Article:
So basically, I was sitting by myself outside of Salem f***ing Missouri. I missed my wife and felt guilty about leaving her alone at home to come out here by myself. I was alone with my thoughts and god help me, I was foolish enough to actually write these crazy ass thoughts down. I really wish Emily had been there to make fun of the jackass two campsites over molesting an acoustic guitar. That would have made the trip perfect. Anyway, that was a lot more intimate than I was anticipating (god damn Cream Ale). So how was the fishing?

Flooding damage at Montauk, Missouri
A fallen tree, blocking the dam at Montauk
To be perfectly honest, Montauk is kind of a mess right now. All of the heavy rains and flooding this summer really did a number to the river. It looks like the place went through a hurricane. There were tons of trees strewn about the place, blocking paths and clogging certain outlets. The water was high and murky, which isn't the end of the world, but on my first day, I think I only saw one trout in the water. I arrived at about 2:00 in the afternoon, and bounced around from the low-water bridge to the lodge until about 7:00. Then I packed it in, set up camp, and apparently got shitfaced and emotional. It happens.

For this trip, I had read in a fishing report online that Primrose and Pearl Midges were doing well, so I decided to try tying some of those. They ended up being incredibly easy to tie, and pretty effective on the stream. I settled on size #14. I used a scud/pupa hook, 1x strong, 1x short (Dai-Riki #135 Size 14). After sliding on a 7/64" brass tying bead, I put on a white thread base. Behind the bead-head, a tied in a strand of copper wire, and three strands of the root beer flashbou that I had bought for those emergers I had tied for the Bennett Spring trip back in May. The instructions I read have you tie in the copper and flashbou at the bead, and double back, beginning the wraps at the bend. I feel like you could just as easily secure the materials at the bend and skip a step, but perhaps tying them on at the head makes them more secure. I wound tight wraps of the flashbou from the bend up to the head and secured it there. Then I do opposite direction wraps of the copper wire back to the head as well, securing it there, and finishing the fly off with a whip finish. The bead head keeps the eye from crowding, and the copper wire does a good job of trapping everything in place. I was able to make 3-4 flies off of each three stands of flashbou. It's a small, compact, sturdy, and flashy little fly. I really like it.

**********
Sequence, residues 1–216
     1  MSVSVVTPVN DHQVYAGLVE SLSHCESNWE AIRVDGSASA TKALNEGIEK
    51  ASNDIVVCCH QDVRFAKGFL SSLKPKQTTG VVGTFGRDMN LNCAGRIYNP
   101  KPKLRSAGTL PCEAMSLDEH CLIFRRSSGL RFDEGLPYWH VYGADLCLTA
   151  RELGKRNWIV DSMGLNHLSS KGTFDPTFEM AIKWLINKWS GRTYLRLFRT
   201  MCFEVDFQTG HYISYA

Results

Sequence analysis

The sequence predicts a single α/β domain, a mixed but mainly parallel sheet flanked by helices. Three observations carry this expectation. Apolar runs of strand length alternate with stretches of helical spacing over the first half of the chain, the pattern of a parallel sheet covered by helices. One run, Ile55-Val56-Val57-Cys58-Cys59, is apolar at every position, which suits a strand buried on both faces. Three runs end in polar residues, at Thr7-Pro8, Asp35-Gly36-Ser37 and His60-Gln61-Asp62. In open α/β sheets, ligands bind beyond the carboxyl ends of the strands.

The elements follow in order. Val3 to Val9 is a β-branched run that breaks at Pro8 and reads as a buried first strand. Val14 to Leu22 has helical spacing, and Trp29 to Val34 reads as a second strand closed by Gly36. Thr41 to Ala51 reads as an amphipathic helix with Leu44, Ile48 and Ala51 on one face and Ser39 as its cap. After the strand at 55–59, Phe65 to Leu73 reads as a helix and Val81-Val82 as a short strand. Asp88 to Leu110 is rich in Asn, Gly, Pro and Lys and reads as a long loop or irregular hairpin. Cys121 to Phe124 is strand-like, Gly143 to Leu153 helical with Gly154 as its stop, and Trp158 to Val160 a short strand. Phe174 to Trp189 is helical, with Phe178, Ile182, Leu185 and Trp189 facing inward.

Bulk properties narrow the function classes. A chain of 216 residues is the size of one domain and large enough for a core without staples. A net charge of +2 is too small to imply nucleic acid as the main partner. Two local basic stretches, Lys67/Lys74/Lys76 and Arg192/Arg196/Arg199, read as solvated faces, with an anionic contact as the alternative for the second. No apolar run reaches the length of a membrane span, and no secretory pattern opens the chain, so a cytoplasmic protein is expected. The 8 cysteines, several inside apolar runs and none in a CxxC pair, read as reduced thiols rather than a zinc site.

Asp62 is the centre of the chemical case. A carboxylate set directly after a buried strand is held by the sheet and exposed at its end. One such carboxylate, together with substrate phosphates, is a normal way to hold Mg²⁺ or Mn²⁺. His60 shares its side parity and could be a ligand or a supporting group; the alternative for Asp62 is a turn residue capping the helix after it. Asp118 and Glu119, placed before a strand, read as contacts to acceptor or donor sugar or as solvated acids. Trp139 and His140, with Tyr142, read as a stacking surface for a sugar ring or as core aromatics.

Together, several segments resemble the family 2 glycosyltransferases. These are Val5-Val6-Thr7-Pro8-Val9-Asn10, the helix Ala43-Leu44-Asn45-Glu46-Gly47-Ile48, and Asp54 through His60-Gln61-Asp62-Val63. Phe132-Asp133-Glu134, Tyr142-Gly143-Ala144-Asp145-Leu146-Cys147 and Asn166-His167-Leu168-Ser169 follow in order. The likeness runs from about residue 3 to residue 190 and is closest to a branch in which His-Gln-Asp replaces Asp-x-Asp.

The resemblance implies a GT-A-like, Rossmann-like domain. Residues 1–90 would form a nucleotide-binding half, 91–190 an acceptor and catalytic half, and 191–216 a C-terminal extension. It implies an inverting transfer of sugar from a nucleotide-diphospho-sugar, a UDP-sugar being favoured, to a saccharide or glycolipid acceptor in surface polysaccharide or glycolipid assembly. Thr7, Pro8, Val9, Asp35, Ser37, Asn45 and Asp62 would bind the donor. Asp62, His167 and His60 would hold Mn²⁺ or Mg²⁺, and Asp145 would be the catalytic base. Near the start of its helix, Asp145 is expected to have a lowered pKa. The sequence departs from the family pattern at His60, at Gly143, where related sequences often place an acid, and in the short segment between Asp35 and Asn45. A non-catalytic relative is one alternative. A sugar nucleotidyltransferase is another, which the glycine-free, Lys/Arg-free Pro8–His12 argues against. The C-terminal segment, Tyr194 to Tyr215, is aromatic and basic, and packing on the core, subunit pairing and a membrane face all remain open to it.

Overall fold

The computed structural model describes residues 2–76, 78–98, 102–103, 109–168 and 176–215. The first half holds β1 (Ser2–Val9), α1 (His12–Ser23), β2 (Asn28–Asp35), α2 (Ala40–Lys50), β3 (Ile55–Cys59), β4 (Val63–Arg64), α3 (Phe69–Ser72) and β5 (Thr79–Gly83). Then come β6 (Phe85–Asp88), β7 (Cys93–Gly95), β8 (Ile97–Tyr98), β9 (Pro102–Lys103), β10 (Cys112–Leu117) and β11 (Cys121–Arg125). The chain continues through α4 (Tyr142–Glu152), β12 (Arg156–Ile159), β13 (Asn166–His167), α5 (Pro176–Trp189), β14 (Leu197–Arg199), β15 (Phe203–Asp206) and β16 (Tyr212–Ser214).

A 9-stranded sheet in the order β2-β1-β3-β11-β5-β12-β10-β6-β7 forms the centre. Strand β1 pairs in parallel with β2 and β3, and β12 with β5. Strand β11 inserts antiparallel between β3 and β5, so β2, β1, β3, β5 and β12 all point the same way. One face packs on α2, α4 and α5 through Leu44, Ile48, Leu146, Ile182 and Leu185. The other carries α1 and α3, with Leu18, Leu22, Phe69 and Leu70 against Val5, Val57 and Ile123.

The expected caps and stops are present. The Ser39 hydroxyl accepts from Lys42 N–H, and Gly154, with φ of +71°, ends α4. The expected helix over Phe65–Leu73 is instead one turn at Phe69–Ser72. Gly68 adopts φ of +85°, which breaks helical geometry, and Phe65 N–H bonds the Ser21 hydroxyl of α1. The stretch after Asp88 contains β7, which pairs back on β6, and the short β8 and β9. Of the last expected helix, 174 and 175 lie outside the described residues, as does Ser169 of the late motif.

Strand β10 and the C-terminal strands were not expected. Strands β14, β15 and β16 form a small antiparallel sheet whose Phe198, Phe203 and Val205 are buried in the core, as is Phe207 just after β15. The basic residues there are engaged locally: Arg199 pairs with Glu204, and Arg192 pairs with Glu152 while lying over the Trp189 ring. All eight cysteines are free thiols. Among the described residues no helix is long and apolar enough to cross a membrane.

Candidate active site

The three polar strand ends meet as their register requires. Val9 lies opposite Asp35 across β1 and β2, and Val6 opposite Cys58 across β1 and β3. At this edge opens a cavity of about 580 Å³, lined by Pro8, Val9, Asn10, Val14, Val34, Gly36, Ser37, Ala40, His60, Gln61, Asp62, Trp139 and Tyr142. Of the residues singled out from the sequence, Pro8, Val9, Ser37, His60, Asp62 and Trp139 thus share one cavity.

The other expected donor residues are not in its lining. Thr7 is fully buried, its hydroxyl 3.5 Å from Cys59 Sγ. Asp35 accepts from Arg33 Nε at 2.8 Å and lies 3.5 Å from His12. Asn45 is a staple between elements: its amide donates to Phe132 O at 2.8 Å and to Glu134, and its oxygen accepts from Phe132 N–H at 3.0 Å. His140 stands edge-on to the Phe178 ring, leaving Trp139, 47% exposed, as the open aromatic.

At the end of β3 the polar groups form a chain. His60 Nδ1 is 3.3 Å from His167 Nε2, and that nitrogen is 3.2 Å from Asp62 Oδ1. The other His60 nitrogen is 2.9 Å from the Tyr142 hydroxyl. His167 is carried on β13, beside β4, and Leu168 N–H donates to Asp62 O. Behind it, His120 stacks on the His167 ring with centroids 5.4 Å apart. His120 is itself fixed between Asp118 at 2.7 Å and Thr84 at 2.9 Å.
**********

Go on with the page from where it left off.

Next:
Primrose and Pearl Midge
Primrose & Pearl Midge, Size #14
I fished downstream from the low-water bridge to start off my first day. Within the first few minutes, I did land a tiny, baby rainbow about the size of a hot dog. Unfortunately, that would be the most action I saw that day. I was unsuccessful with my P&P midges, and eventually decided to switch things up. Around 6:00 in the evening, the sun was just at the edge of the tree line and trout were beginning to, though not frequently, take flies from the surface. I tied on a Royal Wulff, and tried dead-drifting it was as well as I could. Fishing dries brought an incredible sense of calm I had been seeking all day. Earlier, I was struggling with midges and nymphs. I had run out of split-shot foam indicators, and was using a half-deflated Thingamabobber. I have really come to hate these things. Not only do they kink your leader when you tie one on, but I find that they rip off of the water harshly, with a lot of drag, and land with the subtlety of a dropped bowling ball. Switching to dries cut out the middle-man. Even though I still wasn't having any luck landing anything, my fishing itself improved in the evening when I was no longer relying on crappy, clumsy indicators. That said, I did make a point to buy some more split-shot indicators for the morning.